Across the Zodiac: The Story of a Wrecked Record
by Percy Greg
edited by Thomas Gangale
from Chapter 5:
"We date events from the union of all races and nations in a single State, a union which was formally established 13,218 years ago."
from Chapter 9:
The Martial day, which consists of about twenty-four hours forty minutes of our time, is divided in a somewhat peculiar manner. The two-hour periods, of which "mean" sunrise, and sunset are severally the middle points, are respectively called the morning and evening zydau. But for purposes of exact calculation, the day, beginning an hour before mean sunrise, is distributed into twelve periods, or antoi, of a little more than two terrestrial hours each. These again are subdivided by twelve into periods of a little more than 10m., 50s., 2 1/2s., and 5/24s respectively; but of these the second and last are alone employed in common speech. The uniform employment of twelve as the divisor and multiplier in tables of weight, distance, time, and space, as well as in arithmetical notation, has all the conveniences of the decimal system due to the greater convenience of twelve as a base. But as regards the larger divisions of time, the Martials are placed at a great disadvantage by the absence of any such intermediate divisions as the Moon has suggested to Terrestrials.
The revolutions of the satellites are too rapid and their periods too brief to be of service in dividing their year of 668 2/3 solar days. Martial civilization having taken its rise within the tropics--indeed the equatorial continents, which, only here and there extend far into the temperate zone, and two minor continents in the southern ocean, are the only well-peopled portions of the planet--the demarcation of the seasons afforded by the solstices have been comparatively disregarded. The year is divided into winter and summer, each beginning with the Equinox, and distinguished as the North and South summer respectively. But these being exceedingly different in duration--the Northern half of the planet having a summer exceeding by seventy-six days that of the Southern hemisphere--are of no use as accurate divisions of time.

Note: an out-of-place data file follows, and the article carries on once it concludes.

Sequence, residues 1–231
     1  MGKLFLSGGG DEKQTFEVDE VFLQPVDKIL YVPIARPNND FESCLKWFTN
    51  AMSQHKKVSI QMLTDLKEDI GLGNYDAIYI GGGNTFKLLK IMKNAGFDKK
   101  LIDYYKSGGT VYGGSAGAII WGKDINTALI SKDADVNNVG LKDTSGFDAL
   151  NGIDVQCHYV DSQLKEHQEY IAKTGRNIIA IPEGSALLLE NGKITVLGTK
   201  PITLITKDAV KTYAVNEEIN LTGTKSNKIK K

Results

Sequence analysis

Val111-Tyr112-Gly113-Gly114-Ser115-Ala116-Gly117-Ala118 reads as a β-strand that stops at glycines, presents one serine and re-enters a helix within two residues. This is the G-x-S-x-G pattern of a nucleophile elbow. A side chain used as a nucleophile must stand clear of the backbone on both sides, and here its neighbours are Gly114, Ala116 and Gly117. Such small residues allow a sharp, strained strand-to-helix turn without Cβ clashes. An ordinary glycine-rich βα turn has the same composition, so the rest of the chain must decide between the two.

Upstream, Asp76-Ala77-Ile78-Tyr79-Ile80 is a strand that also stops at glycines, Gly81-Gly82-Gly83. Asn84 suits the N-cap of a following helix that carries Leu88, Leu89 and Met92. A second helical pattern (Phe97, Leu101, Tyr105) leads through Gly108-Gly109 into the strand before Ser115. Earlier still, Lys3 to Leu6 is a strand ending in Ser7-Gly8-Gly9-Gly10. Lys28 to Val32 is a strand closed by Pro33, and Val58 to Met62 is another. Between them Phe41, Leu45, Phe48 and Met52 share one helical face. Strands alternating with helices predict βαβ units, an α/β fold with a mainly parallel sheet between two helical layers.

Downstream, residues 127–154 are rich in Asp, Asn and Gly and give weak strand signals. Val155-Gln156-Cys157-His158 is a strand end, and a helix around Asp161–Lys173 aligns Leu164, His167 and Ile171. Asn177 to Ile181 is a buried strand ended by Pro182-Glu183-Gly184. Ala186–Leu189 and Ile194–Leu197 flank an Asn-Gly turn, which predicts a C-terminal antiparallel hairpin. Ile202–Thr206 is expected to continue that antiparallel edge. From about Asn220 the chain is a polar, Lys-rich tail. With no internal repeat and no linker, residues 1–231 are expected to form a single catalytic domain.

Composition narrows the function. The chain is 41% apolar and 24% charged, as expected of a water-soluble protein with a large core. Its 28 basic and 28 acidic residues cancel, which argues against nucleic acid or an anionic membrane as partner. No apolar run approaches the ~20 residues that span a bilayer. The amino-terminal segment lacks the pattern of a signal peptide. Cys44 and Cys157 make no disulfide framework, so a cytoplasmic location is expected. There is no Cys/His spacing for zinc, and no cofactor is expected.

Time is reckoned, accordingly, from the first day of the year; the 669th day being incomplete, and the new year beginning at the moment of the Equinox with the 0th day.